If you’re looking for a cPanel/CentOS replacement, Jack Wallen thinks Virtualmin might do the job. He’ll show you what the tool has to offer and how to install it on Ubuntu Server.
For many, Red Hat pulling support from the standard CentOS releases had some serious side effects. One of the biggest dominoes to fall was cPanel–for many web hosting companies, cPanel is the de facto standard control panel. It offers absolutely everything necessary to manage the hosting of your every client’s needs.
Once Red Hat pulled the plug on CentOS 8, cPanel announced they wouldn’t be supporting CentOS Stream. The good news is that the company is accelerating their efforts to support Ubuntu Server LTS, and should have that ready to ship by late 2021.
For those looking to either migrate away from CentOS or are looking for something that can be used on the Ubuntu platform for now (or for good), there’s always Virtualmin.
SEE: MSP best practices: Server deployment checklist (TechRepublic Premium)
Virtualmin is a web hosting and cloud computing control panel that is well supported on Ubuntu Server. Is this option a drop-in replacement for cPanel? If you ask someone who depends on cPanel that question, they’d most certainly answer with a definitive “no.” However, Virtualmin is a very good option for those looking to switch.
Domain accounts management
User/reseller accounts and ACLs
Numerous security tools
Alerts, graphs, and logs
Database management tools
Install scripts for CMS, CRM, forums, e-commerce, issue tracking, community, webmail, database management, mailing list management, and more
I want to show you how easy it is to get Virtualmin installed on Ubuntu Server 20.04. I’ll be installing the Community Edition, but the process for installing the Virtualmin Professional Edition is the same. I do recommend installing the Community Edition first, to see if this tool is the right fit for your needs.
What you’ll need
How to update and upgrade Ubuntu Server
The first thing to do is update and upgrade the server software. One thing to remember, if the kernel is upgraded, you’ll need to reboot the server. Because of this, make sure to run the update/upgrade at a time when a reboot is feasible.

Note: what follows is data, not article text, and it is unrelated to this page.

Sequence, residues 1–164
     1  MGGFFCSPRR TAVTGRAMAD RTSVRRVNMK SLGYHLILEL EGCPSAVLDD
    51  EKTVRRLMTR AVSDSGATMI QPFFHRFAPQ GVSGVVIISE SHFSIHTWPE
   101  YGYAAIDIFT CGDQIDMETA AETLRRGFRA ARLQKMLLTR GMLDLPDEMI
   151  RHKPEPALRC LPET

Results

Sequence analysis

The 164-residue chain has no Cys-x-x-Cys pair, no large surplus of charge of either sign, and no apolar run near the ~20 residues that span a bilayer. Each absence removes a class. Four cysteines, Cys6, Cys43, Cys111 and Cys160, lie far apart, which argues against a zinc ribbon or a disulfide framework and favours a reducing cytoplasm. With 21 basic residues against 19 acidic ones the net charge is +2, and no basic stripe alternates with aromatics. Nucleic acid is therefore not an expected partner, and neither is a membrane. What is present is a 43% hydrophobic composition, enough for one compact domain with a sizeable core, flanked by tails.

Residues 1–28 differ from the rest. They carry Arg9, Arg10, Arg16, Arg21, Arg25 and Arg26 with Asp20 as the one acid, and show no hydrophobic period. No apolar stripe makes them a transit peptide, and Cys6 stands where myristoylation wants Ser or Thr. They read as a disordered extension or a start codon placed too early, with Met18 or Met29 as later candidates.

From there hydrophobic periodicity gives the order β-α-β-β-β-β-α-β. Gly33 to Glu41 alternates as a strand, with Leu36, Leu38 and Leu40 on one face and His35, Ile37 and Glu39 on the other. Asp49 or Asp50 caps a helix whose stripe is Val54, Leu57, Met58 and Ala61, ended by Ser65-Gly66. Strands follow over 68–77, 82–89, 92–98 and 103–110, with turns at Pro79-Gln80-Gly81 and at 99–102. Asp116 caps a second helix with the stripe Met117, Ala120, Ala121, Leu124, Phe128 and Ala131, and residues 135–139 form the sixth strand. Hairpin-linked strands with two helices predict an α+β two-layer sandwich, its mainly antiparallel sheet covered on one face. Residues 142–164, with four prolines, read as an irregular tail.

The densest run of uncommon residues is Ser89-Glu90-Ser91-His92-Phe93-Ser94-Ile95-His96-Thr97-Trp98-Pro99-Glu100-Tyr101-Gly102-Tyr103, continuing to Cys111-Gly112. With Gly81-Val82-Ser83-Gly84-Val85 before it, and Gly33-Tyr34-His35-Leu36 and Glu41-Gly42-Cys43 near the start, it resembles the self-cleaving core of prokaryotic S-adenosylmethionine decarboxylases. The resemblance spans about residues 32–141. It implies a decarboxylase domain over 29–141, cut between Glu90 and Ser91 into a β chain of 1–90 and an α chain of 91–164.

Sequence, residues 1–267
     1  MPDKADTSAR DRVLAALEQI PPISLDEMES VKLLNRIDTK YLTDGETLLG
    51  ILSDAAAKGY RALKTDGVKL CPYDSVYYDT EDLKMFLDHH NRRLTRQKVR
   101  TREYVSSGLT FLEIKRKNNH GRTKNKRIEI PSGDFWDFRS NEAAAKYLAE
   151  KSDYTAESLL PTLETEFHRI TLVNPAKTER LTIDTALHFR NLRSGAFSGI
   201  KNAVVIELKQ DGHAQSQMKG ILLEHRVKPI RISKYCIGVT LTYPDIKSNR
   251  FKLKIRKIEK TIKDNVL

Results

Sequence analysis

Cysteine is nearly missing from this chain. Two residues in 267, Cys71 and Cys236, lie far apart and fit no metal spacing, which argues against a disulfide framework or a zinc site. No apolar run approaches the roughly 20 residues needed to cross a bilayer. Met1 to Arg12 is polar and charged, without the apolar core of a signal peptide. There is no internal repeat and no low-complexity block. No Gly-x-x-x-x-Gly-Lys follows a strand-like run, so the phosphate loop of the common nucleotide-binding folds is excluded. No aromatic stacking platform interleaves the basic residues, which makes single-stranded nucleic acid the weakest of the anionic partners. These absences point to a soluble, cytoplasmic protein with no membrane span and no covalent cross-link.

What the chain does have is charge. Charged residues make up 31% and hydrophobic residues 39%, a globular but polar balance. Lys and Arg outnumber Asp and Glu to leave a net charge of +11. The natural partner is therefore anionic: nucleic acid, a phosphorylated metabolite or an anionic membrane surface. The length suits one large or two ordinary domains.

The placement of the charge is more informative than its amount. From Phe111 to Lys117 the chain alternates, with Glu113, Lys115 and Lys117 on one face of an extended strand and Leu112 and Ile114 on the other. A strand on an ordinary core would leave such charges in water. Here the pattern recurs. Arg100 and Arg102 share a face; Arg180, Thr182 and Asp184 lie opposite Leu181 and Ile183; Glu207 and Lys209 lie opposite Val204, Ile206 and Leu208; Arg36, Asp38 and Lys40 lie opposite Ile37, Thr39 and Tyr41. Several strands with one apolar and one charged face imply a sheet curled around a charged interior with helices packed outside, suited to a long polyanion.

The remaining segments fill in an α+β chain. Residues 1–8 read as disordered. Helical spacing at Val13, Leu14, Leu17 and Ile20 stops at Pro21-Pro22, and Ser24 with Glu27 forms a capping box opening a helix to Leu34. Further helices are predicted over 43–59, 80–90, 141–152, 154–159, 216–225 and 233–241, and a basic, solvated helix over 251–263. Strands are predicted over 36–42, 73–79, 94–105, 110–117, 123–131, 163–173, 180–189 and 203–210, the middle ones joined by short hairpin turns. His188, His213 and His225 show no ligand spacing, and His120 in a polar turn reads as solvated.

To update/upgrade Ubuntu, log in to the server and issue the commands:
sudo apt-get update sudo apt-get upgrade -y
When this completes, reboot the server (if necessary) and log back in.
How to change your hostname
Virtualmin wants a fully qualified domain name. That doesn’t mean you have to change your server’s hostname to an FQDN. For example (and we’ll stick with the example.com domain): Let’s say you want to use a shorter hostname, like virtualmin. You can do that, and then map the shorter name to the FQDN.
Set the hostname with the command:
sudo hostnamectl set-hostname virtualmin
The above example sets the hostname to virtualmin. Log out and log back in for the changes to take effect.
Next, map virtualmin to virtualmin.example.com in the hosts file. Open that file for editing with the command:
sudo nano /etc/hosts
At the bottom of that file, add a line like this:
192.168.1.211 virtualmin.example.com virtualmin
Make sure to exchange the information above to reflect that of your IP, FQDN, and hostname.
Save and close the file.
How to install Virtualmin
The developers of Virtualmin have created a very handy installation script. Download that script to the server with the command:
Run the script with the command:
sudo bash install.sh
When prompted, type y to continue (Figure A).
If you’ve set the hostname properly, the installation will begin, otherwise, you’ll have to manually type the FQDN of the server before the actual install proceeds. The installation will take between 10 and 30 minutes, depending on the speed of your hardware and network connection (Figure B).
When the installation completes, you can open a web browser and either point it to https://FQDN:10000 (where FQDN is the actual fully qualified domain name) or https://IP:10000 (where IP is the IP address of the server).
You’ll be prompted to log in with an account that has sudo privileges. Upon successful authentication, you’ll find yourself at the Virtualmin post-installation wizard, where you can tune the installation to better meet your needs (Figure C).
The post-install wizard allows you to tune things like:
How much RAM is used for the UI and mail domain lookup
Enabling ClamAV and Spamassassin
Which database servers to use
Set the database password
Password storage mode
Create virtual server
Congratulations, you now have the Virtualmin web hosting and cloud computing control panel up and running on Ubuntu Server 20.04. It’s time you kick the tires and see if it can serve as a replacement for the cPanel/CentOS combo.
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